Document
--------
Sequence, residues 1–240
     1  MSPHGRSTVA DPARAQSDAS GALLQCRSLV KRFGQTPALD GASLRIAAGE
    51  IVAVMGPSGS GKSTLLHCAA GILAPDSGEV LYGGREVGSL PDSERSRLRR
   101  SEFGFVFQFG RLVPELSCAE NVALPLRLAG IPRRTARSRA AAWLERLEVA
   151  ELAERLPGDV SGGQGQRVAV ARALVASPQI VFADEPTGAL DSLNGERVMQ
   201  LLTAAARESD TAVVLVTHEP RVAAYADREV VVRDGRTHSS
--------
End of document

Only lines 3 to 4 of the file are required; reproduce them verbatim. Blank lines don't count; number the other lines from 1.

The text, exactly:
    51  IVAVMGPSGS GKSTLLHCAA GILAPDSGEV LYGGREVGSL PDSERSRLRR
   101  SEFGFVFQFG RLVPELSCAE NVALPLRLAG IPRRTARSRA AAWLERLEVA